SL500 01In longwall mining, the coal seam is divided into long panels about 1,500 feet across and 3 to 4 miles long. Rather than leave pillars for support, hydraulic roof supports are put in that run the entire length of the panel. A cutting head runs along the face of the seam, knocking the coal down onto a conveyor belt. With each cut the entire longwall unit—shearer, conveyor and hydraulic roof supports move forward and the roof behind the unit is collapsed, filling in the open space. Because the roof is constantly collapsing behind the mine, the technique is considered inherently dangerous.

Longwall mining creates a condition called planned subsidence. As the panels collapse underground the land overhead drops up to 6 feet, leaving cornfields and backyards like sunken bathtubs. The subsided land also negatively impacts structures such as homes and outbuildings, water wells, springs, farm ponds, and surface drainage.

Numerous homes have been removed and families displaces above Foresight's longwall operation.

Numerous homes have been removed and families displaced above all Foresight’s longwall operations.

Litchfield-Road-Subsidence

Damaged roads and bridges and flooded agricultural fields disrupt the lives of residents living in the shadow area of a longwall mine. The shadow area is the surface area above the underground mine. Foresight shadow areas are anywhere from 5,000 acres to 10,000 acres.

Rather than pay to repair or replace a resident’s home from subsidence damage, Foresight often buys people out and bulldozes the structures. Entire neighborhoods have been obliterated around Foresight’s Pond Creek, Sugar Camp and Deer Run mines. While this may be profitable for Foresight, the expense to the residents’ sense of community and family legacy is incalculable.

Residents left living or working around the periphery of a Foresight mine have to endure the daily health hazard of coal dust infiltrating their lives and lungs, and 24/7 noise from conveyors, air vent blowers, trucks, loaders, bulldozers, and trains. Area residents must contend with lower property values, lost property taxes, increased truck traffic and train delays, damaged roads, contaminated air and water, and loss of prime farmland.

coal-slurry

The outer walls of a coal slurry impoundment often rise 50 to 90 feet high. An impoundment is classified as high-hazard if its failure or miss-operation will probably cause loss of human life.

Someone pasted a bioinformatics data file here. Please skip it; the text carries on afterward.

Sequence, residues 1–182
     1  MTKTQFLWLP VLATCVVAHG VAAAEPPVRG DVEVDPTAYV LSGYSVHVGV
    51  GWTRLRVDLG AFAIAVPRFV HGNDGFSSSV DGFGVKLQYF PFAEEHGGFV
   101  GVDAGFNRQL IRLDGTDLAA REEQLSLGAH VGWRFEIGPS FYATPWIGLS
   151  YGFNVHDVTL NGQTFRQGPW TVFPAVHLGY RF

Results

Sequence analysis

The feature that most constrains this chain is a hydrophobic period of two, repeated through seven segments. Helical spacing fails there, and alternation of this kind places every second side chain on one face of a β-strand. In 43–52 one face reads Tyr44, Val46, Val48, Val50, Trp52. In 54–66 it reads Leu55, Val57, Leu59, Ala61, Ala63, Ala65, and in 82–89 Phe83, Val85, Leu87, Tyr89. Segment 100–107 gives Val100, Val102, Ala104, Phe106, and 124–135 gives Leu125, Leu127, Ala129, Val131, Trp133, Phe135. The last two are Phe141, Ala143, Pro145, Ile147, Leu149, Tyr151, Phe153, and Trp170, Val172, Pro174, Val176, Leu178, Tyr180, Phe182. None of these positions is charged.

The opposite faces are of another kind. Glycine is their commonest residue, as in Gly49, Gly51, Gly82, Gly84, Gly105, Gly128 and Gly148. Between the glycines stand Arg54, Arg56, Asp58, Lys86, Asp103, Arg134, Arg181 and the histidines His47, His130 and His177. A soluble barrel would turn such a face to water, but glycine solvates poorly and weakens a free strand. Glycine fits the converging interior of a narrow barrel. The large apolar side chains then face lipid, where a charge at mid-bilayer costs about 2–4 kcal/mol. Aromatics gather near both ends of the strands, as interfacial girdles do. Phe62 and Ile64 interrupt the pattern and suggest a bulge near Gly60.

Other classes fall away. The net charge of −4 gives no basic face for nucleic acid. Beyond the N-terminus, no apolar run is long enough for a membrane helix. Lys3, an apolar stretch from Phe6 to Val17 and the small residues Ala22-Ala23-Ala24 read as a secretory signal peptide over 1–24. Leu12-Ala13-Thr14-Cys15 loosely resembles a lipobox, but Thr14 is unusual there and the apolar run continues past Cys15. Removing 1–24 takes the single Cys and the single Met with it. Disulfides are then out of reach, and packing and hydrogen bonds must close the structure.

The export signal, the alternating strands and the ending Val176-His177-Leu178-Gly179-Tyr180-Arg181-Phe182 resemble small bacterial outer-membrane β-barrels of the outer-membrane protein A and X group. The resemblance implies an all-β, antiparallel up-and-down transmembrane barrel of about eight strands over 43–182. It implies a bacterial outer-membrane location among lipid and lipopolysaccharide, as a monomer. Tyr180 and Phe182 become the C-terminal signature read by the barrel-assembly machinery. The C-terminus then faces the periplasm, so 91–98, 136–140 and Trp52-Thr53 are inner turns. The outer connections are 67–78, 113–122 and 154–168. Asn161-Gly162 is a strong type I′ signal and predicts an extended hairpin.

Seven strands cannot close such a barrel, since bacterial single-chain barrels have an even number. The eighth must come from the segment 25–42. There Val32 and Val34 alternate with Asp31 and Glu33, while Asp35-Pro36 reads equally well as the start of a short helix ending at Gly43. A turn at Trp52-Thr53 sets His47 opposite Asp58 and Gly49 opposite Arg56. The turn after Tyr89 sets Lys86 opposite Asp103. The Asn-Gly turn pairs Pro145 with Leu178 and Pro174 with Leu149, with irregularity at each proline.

Before coal is sold it is washed with massive amounts of water to remove impurities such as clay, silt and rocks. The leftover waste material is stored in on-site impoundments. Larger material such as rocks and pieces of coal are called course refuse, while slurry, made up of a combination of silt, dust, water, bits of coal and clay particles, is called fine refuse. The coarse refuse is used to construct the impoundment dam, which then holds the fine refuse or slurry, along with any chemicals used to wash and treat the coal at the coal preparation plant.

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October 11th, 2000, thick liquid coal processing waste contained in a Martin County Coal Corporation impoundment broke through the impoundment wall into an underground mine shaft, eventually dumping more than 300 million gallons of toxic sludge into the area’s rivers.

Slurry impoundments have been known to fail, as was the case in Martin County, Kentucky on October 11, 2000 when the bottom of a slurry impoundment broke into an abandoned underground mine below.  An estimated 306,000 gallons of slurry polluted hundreds of miles of the Big Sandy River and its tributaries and the Ohio River. The water supply for over 27,000 residents was contaminated, and all aquatic life in Coldwater Fork and Wolf Creek was killed. The spill was 30 times larger than the Exxon Valdez oil spill and considered one of the worst environmental disasters ever in the southeastern United States.